• Certain learners have different support mechanisms which are in their EHCP’s, including one to one support in lessons or out of classroom interventions.​
  • Learners coursework will be tailored to their needs, stretching higher ability ones.

Links with SMSC, English and Science

  • Literacy focus on command words and subject specific words.​
  • Speaking about the British Values in the context of data being used to make informed decisions, policy and social change.​
  • Emphasising on the Law in England​
  • Listening skills​
  • Reading out loud​
  • Learning new vocabulary, Tiers 2 and 3 subject specific.​
  • Emphasis the link between Mathematics and Science.

What are the objectives for your curriculum? ​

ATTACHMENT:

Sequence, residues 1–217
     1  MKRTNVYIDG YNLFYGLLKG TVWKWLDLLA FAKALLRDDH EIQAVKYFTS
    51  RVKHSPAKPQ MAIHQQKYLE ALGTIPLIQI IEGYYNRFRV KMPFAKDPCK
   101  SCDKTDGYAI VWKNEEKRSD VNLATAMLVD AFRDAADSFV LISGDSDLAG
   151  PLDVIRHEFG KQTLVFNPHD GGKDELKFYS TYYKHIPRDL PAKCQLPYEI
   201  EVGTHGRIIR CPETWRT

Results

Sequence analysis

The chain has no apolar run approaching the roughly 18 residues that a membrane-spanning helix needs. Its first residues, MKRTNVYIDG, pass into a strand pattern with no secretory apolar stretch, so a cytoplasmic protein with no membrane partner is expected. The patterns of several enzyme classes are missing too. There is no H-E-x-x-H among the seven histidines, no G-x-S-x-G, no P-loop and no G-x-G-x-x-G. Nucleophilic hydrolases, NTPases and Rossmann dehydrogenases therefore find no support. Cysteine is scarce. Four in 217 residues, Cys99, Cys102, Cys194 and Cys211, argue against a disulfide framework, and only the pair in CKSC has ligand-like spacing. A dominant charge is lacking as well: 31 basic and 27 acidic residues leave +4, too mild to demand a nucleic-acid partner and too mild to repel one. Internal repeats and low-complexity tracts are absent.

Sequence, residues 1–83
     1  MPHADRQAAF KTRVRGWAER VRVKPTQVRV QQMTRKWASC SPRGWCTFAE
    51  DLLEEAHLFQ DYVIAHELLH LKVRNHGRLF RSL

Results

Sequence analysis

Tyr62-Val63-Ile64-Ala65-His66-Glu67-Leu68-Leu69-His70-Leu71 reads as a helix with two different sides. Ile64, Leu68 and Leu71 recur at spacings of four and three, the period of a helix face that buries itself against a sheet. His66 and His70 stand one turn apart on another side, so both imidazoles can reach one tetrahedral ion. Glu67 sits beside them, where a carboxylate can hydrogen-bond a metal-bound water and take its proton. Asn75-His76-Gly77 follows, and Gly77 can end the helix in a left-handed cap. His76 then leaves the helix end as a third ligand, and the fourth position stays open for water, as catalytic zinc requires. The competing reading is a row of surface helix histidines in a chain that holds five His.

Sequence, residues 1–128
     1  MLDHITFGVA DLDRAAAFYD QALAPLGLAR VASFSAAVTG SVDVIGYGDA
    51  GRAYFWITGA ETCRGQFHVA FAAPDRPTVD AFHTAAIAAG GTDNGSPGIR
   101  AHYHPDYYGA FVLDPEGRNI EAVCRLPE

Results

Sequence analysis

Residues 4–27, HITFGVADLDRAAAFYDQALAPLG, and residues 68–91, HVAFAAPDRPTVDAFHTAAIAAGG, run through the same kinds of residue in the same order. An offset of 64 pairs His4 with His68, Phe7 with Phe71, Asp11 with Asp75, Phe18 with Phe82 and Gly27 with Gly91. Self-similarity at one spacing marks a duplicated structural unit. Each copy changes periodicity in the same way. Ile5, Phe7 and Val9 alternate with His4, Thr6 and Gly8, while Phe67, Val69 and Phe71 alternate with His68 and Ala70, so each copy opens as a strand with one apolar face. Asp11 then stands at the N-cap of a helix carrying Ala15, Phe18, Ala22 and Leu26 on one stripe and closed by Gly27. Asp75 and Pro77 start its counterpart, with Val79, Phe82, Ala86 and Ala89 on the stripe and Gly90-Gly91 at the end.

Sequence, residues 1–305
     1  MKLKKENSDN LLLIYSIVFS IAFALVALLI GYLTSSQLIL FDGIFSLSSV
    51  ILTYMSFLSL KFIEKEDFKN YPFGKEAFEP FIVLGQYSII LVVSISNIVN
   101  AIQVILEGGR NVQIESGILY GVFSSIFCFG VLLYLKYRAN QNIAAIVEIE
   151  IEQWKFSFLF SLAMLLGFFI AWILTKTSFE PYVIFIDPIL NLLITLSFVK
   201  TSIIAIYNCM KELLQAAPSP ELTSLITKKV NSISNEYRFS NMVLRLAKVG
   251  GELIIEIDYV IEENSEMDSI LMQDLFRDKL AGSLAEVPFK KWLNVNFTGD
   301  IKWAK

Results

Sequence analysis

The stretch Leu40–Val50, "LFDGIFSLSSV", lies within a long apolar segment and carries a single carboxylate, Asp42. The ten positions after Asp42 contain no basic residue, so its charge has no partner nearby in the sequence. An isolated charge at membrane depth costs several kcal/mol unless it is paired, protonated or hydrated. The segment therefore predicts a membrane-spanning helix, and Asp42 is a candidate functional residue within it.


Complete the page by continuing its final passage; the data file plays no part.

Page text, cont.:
Our learners should develop fluent knowledge, skills and understanding of mathematical methods and concepts . They should also acquire, select and apply mathematical techniques to solve problems, and they should reason mathematically, make deductions and inferences, and draw conclusions. Finally, our learners should comprehend, interpret and communicate mathematical information in a variety of forms appropriate to the information and context.​

What do you want pupils to be able to know and do by the time they leave? ​

All learners are expected to leave with GCSE passes in Mathematics and/or other accreditation. As well as having the knowledge base to allow some learners to progress to level 3 courses post-16, would like them to understand there is a purpose to Maths beyond the classroom: the importance of mathematics is evident in our personal lives when calculating the number of tins of paint needed when decorating, managing expenses and savings, organising and planning a journey and estimating a bill when out for a meal. Furthermore, I would like them to appreciate the beauty in mathematics, how everything fits and work into place. ​